A design pattern is defined as "a general, reusable solution to a commonly occurring problem within a given context".
Dark design patterns are considered "dark UX", but since patterns have an element of reusability, it's possible to create a dark user experience without a dark pattern.
"Asshole design" is an informal, pejorative ...
Pre-checking is not a dark pattern in itself, it's how you utilize it.
Context is important
If a user sets a default setting on their profile, what then?
Imagine a logged in user is about to pay for something, and the screen doesn't display the card they clearly stated they wanted to save, and keep as a default? That is considered a dark ...
My take on dark patterns in general is that it is not the patterns that are 'dark' but the intention behind its usage that makes it malicious.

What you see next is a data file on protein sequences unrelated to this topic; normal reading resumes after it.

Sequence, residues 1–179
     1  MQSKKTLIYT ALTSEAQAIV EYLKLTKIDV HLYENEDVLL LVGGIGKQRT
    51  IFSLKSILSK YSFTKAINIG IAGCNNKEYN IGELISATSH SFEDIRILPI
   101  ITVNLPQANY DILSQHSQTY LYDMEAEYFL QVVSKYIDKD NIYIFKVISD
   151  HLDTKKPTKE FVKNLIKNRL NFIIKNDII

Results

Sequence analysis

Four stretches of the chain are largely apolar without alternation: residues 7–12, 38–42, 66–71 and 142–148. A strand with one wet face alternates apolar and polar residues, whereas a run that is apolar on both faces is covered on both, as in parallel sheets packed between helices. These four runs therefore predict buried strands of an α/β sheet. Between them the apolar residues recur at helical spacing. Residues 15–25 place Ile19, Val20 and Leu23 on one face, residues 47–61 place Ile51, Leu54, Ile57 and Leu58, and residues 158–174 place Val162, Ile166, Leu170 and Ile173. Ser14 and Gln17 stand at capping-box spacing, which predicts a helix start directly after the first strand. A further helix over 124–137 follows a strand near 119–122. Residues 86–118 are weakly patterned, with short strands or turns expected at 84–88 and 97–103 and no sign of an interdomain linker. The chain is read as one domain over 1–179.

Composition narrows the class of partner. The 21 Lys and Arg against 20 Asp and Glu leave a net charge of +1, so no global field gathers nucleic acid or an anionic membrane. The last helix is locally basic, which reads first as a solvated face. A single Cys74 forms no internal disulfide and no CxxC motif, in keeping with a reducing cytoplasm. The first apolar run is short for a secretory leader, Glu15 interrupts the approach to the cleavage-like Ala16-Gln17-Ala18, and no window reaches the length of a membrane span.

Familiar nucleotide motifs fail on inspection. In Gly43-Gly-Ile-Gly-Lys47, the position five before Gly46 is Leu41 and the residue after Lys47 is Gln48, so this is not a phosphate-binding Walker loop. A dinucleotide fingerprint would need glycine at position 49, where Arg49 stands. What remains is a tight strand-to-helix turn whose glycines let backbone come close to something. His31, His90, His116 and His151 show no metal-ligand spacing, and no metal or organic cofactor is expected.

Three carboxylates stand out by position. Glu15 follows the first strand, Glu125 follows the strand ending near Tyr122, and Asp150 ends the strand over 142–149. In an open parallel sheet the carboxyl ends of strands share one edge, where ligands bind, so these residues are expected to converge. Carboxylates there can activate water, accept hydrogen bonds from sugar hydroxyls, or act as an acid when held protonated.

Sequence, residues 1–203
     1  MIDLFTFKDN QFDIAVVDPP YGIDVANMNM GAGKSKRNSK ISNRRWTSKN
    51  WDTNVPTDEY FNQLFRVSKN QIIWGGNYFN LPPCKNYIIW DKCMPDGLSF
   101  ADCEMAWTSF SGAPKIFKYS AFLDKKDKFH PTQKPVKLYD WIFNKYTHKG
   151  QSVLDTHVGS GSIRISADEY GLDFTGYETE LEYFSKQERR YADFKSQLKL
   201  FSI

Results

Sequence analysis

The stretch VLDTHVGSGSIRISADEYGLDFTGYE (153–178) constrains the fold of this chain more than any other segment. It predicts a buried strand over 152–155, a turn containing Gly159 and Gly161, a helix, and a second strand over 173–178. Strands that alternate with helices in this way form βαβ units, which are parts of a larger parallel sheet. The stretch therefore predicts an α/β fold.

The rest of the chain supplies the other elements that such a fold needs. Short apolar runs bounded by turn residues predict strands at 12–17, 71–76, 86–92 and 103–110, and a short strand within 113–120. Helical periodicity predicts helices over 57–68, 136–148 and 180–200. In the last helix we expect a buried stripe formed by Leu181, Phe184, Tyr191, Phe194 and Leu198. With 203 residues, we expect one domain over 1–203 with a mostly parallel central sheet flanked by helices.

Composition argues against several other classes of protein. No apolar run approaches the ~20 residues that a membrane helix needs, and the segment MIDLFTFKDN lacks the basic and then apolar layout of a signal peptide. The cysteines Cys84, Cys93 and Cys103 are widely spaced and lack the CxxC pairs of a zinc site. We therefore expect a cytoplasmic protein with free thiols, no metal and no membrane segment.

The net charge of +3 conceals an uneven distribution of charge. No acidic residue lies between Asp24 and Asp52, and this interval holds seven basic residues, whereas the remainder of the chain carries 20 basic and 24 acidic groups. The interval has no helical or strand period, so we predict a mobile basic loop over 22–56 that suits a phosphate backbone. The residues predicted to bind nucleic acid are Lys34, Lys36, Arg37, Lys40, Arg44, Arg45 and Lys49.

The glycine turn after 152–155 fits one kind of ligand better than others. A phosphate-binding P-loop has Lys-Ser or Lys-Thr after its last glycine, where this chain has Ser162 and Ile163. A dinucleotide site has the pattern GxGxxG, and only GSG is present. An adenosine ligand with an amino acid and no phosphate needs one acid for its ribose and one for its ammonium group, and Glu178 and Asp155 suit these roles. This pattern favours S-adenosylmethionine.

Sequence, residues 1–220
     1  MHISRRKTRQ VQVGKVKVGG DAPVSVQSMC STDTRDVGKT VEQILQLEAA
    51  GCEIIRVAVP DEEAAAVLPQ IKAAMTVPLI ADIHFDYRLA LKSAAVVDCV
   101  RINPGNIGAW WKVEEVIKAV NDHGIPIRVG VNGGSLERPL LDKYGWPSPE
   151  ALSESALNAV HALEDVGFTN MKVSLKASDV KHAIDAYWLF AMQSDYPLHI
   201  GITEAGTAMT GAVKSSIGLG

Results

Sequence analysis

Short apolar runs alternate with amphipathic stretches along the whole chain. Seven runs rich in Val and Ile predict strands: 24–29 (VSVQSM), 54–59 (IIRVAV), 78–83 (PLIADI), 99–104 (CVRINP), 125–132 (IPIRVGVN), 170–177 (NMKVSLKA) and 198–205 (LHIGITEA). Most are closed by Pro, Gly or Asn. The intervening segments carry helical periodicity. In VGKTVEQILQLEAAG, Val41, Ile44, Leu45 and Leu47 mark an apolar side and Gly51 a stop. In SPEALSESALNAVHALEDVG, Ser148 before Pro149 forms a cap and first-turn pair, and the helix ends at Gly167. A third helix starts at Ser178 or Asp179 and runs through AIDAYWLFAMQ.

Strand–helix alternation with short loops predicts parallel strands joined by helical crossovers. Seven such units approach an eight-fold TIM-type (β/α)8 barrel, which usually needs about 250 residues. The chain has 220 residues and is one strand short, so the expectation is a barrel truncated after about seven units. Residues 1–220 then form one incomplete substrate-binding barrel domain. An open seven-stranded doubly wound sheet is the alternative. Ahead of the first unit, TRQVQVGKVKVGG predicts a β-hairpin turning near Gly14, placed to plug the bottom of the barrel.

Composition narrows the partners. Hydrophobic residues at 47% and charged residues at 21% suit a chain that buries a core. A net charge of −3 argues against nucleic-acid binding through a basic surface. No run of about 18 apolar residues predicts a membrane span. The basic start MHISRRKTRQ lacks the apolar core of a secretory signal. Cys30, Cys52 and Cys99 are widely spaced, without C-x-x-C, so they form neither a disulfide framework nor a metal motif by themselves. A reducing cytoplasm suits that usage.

Actually you can apply the same 'dark patterns' where it is absolutely appropriate and makes sense to do so and it wouldn't actually be a dark pattern. Conversely, many dark patterns often are just design or ...
After some digging, I found that Dark Design can mean 2 different things -
One is an ethical phenomenon where user value is supplanted in favor of
shareholder value. [definition credits]
The other is dark mode for user interfaces.
Since the question seems to be more targeted towards the former, here is an academic reference for the same. According to a CHI ...